Paper calls for feds to "mellow out" over guns and pot

Paper calls for feds to "mellow out" over guns and pot
(Jonathan Hayward/The Canadian Press via AP)

Back on April 20th Florida Agriculture Commissioner and Democratic candidate for governor Nikki Fried sued the Biden administration over the current federal regulations that bar users of cannabis from being able to lawfully purchase or possess a firearm. As I said at the time, I’m all in favor of the lawsuit, though I think it’s mostly a political stunt from a Democratic candidate looking for some headlines than anything else.

Still, I was pleasantly surprised to see the editorial board of the Tampa Bay Times sound off in favor of the lawsuit, as well as issuing a call for the federal government to mellow out on the issue.

Earlier this month, Florida Agricultural Commissioner Nikki Fried filed suit against the federal government, including the Bureau of Alcohol, Tobacco and Firearms and Attorney General Merrick Garland, for diminishing medical marijuana users’ Second Amendment protections. Gun buyers often have to pass a federal background check, which includes questions about marijuana use. Buyers face criminal penalties for answering dishonestly. ATF guidance warns licensed gun dealers against selling to someone who uses or is “addicted to marijuana.” Medical marijuana users by definition use marijuana, a fact that can make it harder for them to pass the background check and legally buy a gun. Fried, a first-term Democrat who is running for governor, described the cannabis prohibition as “misguided and dangerous.” To that we would add antiquated and unnecessary.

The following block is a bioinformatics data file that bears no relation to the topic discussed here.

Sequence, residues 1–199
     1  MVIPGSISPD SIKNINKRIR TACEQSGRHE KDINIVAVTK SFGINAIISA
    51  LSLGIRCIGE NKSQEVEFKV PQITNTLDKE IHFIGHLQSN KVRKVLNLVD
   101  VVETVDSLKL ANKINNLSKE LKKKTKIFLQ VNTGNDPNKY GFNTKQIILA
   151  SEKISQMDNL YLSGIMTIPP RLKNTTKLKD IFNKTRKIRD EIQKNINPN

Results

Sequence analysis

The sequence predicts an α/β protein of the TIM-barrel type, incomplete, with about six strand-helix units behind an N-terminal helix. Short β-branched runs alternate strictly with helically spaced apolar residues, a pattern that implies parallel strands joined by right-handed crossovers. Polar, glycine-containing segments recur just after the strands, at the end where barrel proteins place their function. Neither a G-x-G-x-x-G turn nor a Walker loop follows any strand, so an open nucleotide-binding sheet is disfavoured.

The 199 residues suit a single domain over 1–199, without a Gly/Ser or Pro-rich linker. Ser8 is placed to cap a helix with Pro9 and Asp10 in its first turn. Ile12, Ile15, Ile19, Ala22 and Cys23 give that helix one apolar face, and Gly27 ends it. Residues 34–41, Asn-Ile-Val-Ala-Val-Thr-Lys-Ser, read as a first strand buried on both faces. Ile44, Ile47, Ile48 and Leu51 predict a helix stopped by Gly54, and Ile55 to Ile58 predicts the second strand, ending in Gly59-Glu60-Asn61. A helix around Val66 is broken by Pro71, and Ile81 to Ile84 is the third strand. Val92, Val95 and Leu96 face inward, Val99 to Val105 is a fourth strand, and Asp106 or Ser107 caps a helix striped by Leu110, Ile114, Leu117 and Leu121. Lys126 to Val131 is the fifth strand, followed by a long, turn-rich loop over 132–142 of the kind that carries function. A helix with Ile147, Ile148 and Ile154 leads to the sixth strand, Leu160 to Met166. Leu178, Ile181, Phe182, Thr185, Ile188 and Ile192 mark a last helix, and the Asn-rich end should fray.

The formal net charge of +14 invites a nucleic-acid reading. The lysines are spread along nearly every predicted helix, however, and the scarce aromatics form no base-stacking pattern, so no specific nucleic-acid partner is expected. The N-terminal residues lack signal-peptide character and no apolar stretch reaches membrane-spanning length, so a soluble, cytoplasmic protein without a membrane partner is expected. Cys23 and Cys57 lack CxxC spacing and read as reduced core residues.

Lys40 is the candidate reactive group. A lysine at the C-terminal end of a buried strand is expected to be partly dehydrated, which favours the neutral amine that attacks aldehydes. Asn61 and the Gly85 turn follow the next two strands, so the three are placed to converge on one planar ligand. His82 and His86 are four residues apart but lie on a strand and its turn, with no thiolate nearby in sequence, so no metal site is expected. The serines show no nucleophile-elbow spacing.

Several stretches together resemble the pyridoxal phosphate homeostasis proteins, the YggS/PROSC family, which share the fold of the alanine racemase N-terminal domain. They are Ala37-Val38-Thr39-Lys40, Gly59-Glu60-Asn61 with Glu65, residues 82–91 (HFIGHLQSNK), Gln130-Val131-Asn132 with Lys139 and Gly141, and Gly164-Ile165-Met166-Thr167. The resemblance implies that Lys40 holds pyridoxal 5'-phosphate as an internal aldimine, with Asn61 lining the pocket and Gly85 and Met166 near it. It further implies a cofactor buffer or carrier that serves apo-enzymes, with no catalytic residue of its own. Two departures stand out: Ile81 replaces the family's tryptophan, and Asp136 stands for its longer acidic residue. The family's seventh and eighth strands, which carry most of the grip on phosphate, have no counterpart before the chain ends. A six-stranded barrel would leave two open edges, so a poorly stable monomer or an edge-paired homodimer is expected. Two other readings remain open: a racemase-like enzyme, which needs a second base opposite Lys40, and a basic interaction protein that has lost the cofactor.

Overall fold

The situation for medical marijuana users is actually worse than the Tampa Bay Times indicates. It’s not just about not being able to purchase firearms at retail. If you admit to using marijuana, even with a medical card in a state where it’s legal, while owning a gun you can face federal charges that could land you in prison and result in the lifetime loss of your Second Amendment rights.

Gun rights might not be the most obvious reason to update federal marijuana laws, but credit to Fried for keeping the issue in the limelight. Americans overwhelmingly support decriminalizing marijuana, especially for medical use, polls show. Regular citizens seem to understand the benefits while too many federal officials, including a swath of U.S. senators, can’t shed their personal biases. They should stop standing in the way of progress. To use the vernacular, they need to mellow out.

The Times editorial board sounds hopeful that Fried’s lawsuit could lead to Congress making the necessary changes, but I’m far less optimistic about that happening. I’m also not convinced that this lawsuit will still be valid once Fried is no longer the Agriculture Commissioner. I haven’t heard any of the candidates vying to replace Fried weigh in on her lawsuit, and whoever wins election in November could easily decide to just drop the case rather than continue to litigate.

That’s one of the big reasons why I believe Fried’s lawsuit is more of a political stunt than anything else. She’s had four years to file suit, but she waited until she was a candidate for higher office before she decided to do so. If this were really a critically important issue to Fried, she should be able to explain why it took her so long to do something about it. For now though, she seems much more interested in what this lawsuit could do for her campaign than what it might actually do for medical marijuana patients who don’t want to give up their right to keep and bear arms.